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What is an Idea?

Updated on July 5, 2014
Ad For Tissue Paper - Idea From A Simile - Soft As Cat;'s Fur
Ad For Tissue Paper - Idea From A Simile - Soft As Cat;'s Fur

J. Walter Thompson on Ideas

According to J. Walter Thompson, there is a specific method to evaluate and recognise an idea. One is through ‘vivid demonstration’ – what the brand does. For example, a washing powder washing whiter or a car stopping faster. The superiority or uniqueness of a brand’s performance is the most basic and effective form of idea.

However, when a brand has nothing distinctive about it, the writer needs a metaphor.

Salem Menthol Ad - Greenery As Metaphor For Freshness
Salem Menthol Ad - Greenery As Metaphor For Freshness

Vivid Metaphor or Simile

“My love is like a red red rose” is a simile. “The dark curtain of night” is a metaphor. Commonplace things like the night and love become exceptional. Metaphors and similes can create uniqueness or perceived superiority. But copywriters must keep in mind that whether it is a demonstration or metaphor, the idea must come from an aspect of the brand itself.

In the Salem Menthol cigarette ads, the snow-capped mountains and pine-covered slopes are a metaphor for the fresh flavour of Salem menthol cigarettes.

So What is an Idea?

There are many definitions, but in a nutshell, an idea is a new combination of old elements. An idea attempts to change the way the consumer acts or perceives things. It brings about change.

An idea rests upon the ability to see relationships. To some minds each fact is a separate bit of knowledge. To the creative mind, facts are a link in a chain of knowledge.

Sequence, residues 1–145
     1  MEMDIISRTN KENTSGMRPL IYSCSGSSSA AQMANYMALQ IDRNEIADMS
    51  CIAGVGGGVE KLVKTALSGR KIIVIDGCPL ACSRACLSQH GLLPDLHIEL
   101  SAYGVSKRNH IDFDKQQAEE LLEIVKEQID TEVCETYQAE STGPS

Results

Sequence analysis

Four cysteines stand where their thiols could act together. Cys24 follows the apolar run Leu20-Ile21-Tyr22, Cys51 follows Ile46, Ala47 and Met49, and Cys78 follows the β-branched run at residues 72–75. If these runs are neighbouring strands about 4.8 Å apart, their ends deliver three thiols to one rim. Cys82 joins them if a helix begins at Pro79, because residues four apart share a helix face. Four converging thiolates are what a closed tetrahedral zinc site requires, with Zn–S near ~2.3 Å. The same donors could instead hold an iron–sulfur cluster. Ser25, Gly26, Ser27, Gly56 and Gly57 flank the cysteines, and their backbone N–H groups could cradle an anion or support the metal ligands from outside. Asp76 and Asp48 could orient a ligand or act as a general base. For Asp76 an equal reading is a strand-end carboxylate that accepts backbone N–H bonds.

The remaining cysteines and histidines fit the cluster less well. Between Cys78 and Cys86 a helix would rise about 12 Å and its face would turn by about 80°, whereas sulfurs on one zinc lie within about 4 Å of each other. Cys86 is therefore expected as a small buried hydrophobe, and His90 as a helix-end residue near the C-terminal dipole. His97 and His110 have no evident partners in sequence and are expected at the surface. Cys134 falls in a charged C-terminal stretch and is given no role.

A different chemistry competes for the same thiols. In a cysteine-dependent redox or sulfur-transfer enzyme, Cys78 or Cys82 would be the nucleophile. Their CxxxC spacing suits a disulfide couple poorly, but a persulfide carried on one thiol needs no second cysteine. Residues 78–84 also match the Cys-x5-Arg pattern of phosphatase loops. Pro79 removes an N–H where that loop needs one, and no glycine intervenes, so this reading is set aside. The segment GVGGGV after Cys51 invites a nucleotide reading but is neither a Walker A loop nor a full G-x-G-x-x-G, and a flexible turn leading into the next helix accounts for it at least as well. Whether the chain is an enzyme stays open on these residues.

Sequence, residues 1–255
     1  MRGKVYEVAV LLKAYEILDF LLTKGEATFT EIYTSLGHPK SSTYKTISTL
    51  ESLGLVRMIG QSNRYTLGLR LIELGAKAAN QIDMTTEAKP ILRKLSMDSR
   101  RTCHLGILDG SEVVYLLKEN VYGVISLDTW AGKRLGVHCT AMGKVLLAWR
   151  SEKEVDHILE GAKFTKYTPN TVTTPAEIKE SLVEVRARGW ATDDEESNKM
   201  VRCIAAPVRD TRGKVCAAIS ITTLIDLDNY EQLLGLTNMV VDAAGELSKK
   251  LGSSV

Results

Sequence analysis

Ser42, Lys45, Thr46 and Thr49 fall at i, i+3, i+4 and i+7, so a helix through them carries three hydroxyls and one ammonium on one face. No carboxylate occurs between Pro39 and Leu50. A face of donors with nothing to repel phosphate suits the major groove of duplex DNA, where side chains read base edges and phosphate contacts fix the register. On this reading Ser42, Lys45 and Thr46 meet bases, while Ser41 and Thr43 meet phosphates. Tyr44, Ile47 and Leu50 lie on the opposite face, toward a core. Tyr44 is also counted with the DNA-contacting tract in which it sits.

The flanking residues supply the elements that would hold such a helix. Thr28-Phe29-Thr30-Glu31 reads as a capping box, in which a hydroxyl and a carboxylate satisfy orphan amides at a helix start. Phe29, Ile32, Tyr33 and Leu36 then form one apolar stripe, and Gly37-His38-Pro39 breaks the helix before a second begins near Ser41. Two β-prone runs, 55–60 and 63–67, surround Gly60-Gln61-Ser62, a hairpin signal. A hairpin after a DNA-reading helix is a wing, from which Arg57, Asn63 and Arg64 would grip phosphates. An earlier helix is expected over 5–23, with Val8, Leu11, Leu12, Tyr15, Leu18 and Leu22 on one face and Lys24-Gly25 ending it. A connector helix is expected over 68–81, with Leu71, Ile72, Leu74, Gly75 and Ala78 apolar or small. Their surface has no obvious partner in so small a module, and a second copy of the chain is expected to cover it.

The softness of a puppy dog (as in the Ogilvy & Mather TV commercials for a certain tissue paper) relates to the softness of a toilet tissue. The innocent looking blonde in the ads for Timotei shampoo relates to the pure ingredients of the shampoo. This habitual search for relationships becomes the most important factor in the production of ideas.

David Ogilvy Said That Every Copywriter Should Start Out As A Direct Response Writer
David Ogilvy Said That Every Copywriter Should Start Out As A Direct Response Writer | Source

Direct Response – the Perfect Platform for the Fertile Imagination

David Ogilvy considered Direct Response his ‘first love’ and ‘secret weapon.’ According to him, “Every copywriter should start his career by spending two years in direct response. One glance at any campaign tells me whether its author has ever had that experience.”

Direct Response writing enables copywriters to exercise their fertile imaginations. It calls for a plethora of ideas. That's because unlike general advertising, there are so many more elements to play with: the envelope, the letter, the response device, sometimes even a brochure and inserts.

Example of a Big Idea

For the well-known paint company, 'Asian Paints,' a blank canvas completely framed with the target’s name on it was sent to architects and interior designers. They were invited to create their own masterpieces of colour. Asian Paints would create the same shade and name it after them. The mailing drew considerable response and won a gold in the ad club awards in Bangalore.

Timotei Shampoo


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